Valentine National Wildlife Refuge
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|Valentine National Wildlife Refuge|
IUCN category IV (habitat/species management area)
|Location||Cherry County, Nebraska, United States|
|Nearest city||Valentine, NE|
|Area||71,516 acres (289 km2)|
|Governing body||U.S. Fish and Wildlife Service|
|Website||Valentine National Wildlife Refuge|
Valentine National Wildlife Refuge is located in the U.S. state of Nebraska and includes 19,131 acres (77.42 km2). The refuge protects a portion of the largest remaining area of tall and mid grass prairie remaining in the U.S. Collectively known as the sand hills region of Nebraska, the dunes were the end result of the last ice age known as the Pinedale glaciation. During the Holocene glacial retreat the sand dunes that been deposited in their current location by the vast continental glaciers, were exposed and grasses eventually took over. The refuge is managed by the U.S. Fish and Wildlife Service and along with Fort Niobrara and John and Louise Seier National Wildlife Refuges, they form the Fort Niobrara National Wildlife Refuge Complex.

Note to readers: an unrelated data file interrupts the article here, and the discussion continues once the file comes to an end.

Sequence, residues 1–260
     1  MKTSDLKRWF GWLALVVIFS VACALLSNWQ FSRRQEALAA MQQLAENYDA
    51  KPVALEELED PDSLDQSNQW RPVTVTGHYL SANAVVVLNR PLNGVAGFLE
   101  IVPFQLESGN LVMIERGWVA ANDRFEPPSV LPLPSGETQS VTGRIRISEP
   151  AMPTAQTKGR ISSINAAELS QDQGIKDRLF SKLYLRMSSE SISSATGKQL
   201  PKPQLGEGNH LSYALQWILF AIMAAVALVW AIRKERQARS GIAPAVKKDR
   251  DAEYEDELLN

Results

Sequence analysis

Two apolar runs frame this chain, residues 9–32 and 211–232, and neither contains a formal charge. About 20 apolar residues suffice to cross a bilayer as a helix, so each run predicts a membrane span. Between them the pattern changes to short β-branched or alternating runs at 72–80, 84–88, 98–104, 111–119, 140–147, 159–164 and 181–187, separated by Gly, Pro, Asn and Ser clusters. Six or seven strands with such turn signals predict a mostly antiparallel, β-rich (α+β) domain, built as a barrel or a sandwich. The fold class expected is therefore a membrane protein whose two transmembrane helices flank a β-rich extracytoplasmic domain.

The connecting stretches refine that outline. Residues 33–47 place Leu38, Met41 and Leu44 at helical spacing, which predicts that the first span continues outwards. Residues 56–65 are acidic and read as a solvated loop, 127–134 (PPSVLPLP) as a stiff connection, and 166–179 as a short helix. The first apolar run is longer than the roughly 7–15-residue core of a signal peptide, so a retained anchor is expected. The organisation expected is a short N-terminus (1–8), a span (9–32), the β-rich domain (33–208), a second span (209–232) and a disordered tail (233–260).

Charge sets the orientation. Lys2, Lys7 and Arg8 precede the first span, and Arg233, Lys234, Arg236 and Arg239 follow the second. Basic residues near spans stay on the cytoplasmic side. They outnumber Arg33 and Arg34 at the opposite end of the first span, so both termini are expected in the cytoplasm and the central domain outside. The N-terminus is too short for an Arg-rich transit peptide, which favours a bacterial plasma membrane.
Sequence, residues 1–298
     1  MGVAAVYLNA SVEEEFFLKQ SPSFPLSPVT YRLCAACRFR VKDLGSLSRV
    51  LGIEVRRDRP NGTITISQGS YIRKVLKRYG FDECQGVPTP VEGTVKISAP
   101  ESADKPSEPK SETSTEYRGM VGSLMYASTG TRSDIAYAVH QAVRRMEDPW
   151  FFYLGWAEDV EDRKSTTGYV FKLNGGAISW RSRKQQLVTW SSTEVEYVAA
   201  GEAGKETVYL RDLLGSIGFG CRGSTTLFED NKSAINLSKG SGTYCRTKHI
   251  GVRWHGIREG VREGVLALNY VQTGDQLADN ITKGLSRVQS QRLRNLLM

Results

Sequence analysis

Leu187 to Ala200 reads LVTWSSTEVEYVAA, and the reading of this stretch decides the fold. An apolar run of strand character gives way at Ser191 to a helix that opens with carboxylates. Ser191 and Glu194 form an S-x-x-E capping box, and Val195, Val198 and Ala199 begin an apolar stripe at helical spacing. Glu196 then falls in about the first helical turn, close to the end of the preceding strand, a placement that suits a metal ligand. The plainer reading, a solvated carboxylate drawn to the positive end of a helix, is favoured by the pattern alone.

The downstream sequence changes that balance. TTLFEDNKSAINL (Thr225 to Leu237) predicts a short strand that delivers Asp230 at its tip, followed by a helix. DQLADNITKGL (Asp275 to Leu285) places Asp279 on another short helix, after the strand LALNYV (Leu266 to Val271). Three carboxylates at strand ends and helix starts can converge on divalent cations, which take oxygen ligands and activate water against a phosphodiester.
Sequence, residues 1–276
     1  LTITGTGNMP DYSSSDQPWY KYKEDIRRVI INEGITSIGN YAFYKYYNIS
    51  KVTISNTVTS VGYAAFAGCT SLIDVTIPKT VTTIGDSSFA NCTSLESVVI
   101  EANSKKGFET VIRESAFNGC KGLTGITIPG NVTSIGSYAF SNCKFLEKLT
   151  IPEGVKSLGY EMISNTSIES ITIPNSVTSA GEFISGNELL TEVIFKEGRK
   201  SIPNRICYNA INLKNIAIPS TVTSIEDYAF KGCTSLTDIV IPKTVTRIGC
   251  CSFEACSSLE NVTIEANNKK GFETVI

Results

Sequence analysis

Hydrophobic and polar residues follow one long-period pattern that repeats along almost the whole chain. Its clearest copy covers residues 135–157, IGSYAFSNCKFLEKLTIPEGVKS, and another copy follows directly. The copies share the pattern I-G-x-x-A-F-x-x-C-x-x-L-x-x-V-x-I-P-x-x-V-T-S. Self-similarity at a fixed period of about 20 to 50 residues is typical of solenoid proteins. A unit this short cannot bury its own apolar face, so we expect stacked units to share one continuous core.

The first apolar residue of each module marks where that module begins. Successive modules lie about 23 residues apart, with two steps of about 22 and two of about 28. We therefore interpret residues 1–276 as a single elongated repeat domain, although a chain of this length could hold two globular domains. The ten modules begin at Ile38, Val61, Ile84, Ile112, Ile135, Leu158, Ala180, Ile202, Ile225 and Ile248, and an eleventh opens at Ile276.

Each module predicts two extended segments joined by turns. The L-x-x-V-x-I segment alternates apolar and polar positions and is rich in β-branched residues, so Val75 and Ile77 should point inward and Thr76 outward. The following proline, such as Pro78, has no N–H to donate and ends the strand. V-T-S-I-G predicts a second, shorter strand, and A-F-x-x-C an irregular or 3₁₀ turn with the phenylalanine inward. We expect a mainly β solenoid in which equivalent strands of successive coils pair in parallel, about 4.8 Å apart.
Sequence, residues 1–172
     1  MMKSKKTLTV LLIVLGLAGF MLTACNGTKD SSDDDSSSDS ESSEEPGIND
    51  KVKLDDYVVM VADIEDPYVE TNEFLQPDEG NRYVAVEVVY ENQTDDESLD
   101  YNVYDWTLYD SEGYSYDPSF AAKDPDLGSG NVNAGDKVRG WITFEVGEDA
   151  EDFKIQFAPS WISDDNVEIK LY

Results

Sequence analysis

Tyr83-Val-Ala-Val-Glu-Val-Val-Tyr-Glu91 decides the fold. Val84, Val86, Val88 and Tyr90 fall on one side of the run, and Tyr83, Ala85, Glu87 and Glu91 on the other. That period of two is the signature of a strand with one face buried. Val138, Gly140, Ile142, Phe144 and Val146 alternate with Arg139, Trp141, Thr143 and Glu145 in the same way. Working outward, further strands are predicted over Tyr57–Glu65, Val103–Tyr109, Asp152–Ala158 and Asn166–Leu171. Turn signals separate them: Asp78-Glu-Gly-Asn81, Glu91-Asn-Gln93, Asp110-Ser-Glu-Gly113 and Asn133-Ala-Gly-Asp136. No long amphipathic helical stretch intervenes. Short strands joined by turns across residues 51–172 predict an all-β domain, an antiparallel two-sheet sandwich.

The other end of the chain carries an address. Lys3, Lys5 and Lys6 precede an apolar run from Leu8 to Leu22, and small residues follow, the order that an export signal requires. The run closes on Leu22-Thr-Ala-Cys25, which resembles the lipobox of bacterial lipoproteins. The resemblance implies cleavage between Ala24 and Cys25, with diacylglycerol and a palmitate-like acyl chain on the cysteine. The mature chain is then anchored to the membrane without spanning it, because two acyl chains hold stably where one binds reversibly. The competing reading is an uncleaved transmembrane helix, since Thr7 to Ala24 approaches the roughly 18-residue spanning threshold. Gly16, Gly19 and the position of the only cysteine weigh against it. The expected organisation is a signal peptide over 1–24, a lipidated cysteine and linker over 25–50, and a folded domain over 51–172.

Numerous lakes and ponds are located on the refuge, fed by underground seeps and springs. 260 species of birds have been identified over the years on the refuge, and during migratory periods in the spring and fall, 150,000 birds pass through the protected area. Coyote, blanding's turtle, prairie grouse, white-tailed and Mule deer are commonly found by visitors in this refuge. Muskrat and beaver inhabit the wetlands and streams.
- Media related to Valentine National Wildlife Refuge at Wikimedia Commons
- "Valentine National Wildlife Refuge". U.S. Fish and Wildlife Service. Retrieved 2016-06-15.
- "Valentine National Wildlife Refuge". Recreation.gov. Retrieved 2011-08-12.
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